however, if i partner her with my wife (who is more of a recreational participant) she is too strong for my wife, who can't handle holding pads for her. often what i will do in this case is to step in and hold pads for her when her partner can't handle it.
partnering people properly can be one of the toughest challenges when running a class, so definitely give feedback to your coach if you have issues with your partners."Face punches are an essential character building part of a martial art. You don't truly love your children unless you allow them to get punched in the face." - chi-conspiricy
"When I was a little boy, I had a sailor suit, but it didn't mean I was in the Navy." - Mtripp on the subject of a 5 year old karate black belt
"Without actual qualifications to be a Zen teacher, your instructor is just another roundeye raping Asian culture for a buck." - Errant108
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2/21/2008 5:12am, #7
- Join Date
- Jul 2007
- Muay Thai
Yeah, there are other chicks training there - quite a few - although many of them are fighters. I do pair with them sometimes, although they will often pair with guys, too. When there are a bunch of chicks, we will rotate around. I have paired with guys before, but I would say 80% of them are experienced fighters, so they wouldn't get much out of it. For grappling, the size difference often makes it a bit pointless.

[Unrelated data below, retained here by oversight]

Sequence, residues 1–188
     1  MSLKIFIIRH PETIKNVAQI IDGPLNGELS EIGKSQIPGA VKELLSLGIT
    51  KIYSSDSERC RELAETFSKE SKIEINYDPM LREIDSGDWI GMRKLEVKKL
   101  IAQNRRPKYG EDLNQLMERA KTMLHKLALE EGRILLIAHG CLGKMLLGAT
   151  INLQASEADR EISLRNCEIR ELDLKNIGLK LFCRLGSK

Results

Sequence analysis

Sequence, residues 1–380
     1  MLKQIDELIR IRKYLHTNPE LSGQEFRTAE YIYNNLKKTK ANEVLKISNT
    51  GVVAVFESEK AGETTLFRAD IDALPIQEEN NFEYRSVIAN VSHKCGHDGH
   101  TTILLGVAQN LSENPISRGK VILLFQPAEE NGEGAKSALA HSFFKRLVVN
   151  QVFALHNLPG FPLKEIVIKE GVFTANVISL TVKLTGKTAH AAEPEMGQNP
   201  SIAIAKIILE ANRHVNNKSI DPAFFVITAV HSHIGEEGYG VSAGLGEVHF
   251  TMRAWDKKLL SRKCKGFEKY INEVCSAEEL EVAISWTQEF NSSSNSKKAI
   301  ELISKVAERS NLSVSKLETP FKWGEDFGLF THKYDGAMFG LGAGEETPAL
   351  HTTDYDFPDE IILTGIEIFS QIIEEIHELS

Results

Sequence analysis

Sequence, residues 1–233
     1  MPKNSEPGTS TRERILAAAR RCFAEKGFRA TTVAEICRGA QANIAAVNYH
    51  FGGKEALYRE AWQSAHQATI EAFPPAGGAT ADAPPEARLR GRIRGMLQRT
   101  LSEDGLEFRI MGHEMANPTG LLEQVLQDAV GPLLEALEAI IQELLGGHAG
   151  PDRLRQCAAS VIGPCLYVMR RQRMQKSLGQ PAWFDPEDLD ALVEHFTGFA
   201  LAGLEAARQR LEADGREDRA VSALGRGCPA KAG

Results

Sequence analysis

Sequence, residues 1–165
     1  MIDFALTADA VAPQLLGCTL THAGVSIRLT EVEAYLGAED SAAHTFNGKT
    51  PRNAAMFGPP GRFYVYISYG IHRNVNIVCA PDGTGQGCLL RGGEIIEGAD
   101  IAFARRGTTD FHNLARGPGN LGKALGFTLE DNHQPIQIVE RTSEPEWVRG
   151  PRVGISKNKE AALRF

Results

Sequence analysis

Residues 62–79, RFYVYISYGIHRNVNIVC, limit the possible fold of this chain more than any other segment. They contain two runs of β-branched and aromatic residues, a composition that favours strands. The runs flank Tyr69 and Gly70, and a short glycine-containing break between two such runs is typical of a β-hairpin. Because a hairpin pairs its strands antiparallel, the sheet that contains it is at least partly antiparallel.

Also, boys sweat profusely and grappling with them is a bit gross.
2/21/2008 4:45pm, #8
Stick to posts about striking TECHNIQUE.
2/21/2008 4:46pm, #9Originally Posted by retrograde
At my old Kung Fu school i was the only girl there for quite a while. That was fine, but the guys- one in particular- never came with any intent. It annoyed me no end. One guy was twice my size so i get not wanting to go to hard, but i had to keep reminding him that it was ok to go faster.
Then when we got a new girl i was partnerd with her. It was ok at first, becasue it gave her a chance to get tips and stuff and comfortable with the class, but eventually i wanted more of a challenge so i asked the teacher if we could rotate during lessons, it worked much better.